Tuesday, December 13, 2011

A platform and and a pier at Official Bay

Detail from SO 4, crown copyright, LINZ records

I was looking for early things regarding Parnell recently, and a mis-cataloguing by Land Information New Zealand and their Landonline service led me to a Survey Office plan which wasn't about Parnell at all. Sometime in the very early 1860s, someone (perhaps Charles Heaphy) prepared what was to become SO 4, showing detail to a few bits of land in Freeman's Bay, and Official Bay.

This was what intrigued me: "Carr's Platform", just to the east adjoining the long T-shaped Wynyard Pier in Official Bay. A fenced-odd square (actually likely retaining wall, see comments below) on the beach, beside a sawpit, and possibly Carr's factory just below.

This plan also showed two more sets of similar structures, over at Freeman's Bay.

So, who was this man who owned a platform at Official Bay?

James William Carr, photo held at Sir George Grey Special Collections, Auckland Council Libraries. Reproduced with permission.

According to Euan and Robert Carr, who wrote about their ancestor in the Auckland-Waikato Historical Journal, April 2000, James William Carr was born in London in 1827.  His father was a boat builder as was his grandfather. Their article says that Carr arrived with his bride here in Auckland in 1849, and started a boat building business here, before a brief interruption of travelling to San Francisco after word of the gold there, only to return in March 1851. He must have kept his head down, though -- or didn't actually have a business of his own in Auckland until later, in November 1853, where we see he had been employed by a Mr Beeson, and had only just taken over premises at Fort Street, to build his boats.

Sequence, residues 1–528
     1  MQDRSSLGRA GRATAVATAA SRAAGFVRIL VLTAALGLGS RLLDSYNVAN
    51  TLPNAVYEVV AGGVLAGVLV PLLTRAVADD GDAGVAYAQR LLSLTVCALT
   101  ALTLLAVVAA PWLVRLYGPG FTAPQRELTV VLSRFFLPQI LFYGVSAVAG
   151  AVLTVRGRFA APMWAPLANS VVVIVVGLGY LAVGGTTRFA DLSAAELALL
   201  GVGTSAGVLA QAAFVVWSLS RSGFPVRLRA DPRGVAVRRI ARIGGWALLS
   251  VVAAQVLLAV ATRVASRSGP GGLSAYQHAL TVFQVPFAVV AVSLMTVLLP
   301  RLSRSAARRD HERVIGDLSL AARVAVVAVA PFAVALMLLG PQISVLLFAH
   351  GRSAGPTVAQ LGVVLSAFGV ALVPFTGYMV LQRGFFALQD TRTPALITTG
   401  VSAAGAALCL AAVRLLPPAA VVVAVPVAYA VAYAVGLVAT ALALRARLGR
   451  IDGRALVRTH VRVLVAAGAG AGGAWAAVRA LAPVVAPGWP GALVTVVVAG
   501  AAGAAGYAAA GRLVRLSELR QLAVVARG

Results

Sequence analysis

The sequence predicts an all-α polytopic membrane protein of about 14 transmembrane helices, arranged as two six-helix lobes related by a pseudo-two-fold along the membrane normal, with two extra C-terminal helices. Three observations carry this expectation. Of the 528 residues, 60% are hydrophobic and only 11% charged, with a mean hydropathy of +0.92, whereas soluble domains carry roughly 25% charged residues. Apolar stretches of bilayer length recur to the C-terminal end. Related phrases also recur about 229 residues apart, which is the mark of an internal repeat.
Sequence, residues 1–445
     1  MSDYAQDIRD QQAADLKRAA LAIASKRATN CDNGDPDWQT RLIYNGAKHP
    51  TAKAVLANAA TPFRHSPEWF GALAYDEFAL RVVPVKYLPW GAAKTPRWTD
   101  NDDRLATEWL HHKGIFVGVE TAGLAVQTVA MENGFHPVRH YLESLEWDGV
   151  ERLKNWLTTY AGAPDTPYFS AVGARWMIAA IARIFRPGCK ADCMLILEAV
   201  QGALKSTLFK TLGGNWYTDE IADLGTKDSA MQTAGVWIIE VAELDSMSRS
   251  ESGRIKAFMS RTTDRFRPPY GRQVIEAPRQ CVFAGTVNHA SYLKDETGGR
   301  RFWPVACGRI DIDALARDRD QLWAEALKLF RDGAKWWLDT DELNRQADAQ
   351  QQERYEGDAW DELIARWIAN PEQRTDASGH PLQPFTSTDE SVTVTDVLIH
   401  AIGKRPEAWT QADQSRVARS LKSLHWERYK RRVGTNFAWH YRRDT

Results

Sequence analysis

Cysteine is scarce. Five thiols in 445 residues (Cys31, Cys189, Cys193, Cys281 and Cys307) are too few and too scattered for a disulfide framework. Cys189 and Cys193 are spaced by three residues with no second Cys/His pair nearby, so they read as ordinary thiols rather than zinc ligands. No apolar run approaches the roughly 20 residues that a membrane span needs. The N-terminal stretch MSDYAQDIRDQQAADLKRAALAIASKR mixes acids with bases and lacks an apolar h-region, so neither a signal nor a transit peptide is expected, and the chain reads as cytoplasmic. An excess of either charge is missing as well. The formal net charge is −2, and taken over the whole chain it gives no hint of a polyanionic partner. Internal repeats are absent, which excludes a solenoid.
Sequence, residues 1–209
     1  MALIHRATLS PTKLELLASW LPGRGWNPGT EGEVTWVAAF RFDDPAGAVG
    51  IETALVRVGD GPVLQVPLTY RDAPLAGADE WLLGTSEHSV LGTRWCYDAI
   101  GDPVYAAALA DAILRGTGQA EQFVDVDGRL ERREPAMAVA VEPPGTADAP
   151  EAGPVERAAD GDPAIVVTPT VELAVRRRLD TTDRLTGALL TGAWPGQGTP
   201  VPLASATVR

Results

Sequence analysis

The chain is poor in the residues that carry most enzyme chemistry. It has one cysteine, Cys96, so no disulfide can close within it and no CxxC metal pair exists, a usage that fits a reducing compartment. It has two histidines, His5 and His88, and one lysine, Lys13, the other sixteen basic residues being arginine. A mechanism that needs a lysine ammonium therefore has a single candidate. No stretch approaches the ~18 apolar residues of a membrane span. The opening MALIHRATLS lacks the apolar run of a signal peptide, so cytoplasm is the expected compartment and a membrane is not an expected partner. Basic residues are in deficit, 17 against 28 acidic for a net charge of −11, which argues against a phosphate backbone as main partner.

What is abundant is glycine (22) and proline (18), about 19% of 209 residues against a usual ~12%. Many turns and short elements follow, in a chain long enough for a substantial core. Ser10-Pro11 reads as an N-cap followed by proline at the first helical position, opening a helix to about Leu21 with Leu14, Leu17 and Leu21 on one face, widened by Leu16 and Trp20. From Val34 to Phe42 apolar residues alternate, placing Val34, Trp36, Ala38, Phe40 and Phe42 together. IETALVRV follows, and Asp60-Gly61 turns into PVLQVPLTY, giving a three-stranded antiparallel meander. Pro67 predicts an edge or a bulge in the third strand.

Southern Cross 29 November 1853

But, as seen later, Carr advertised that his business began in 1849. Whatever the true date was -- it appears he was usually quite successful, and good at his trade.

Southern Cross 5 September 1854

Southern Cross 15 August 1859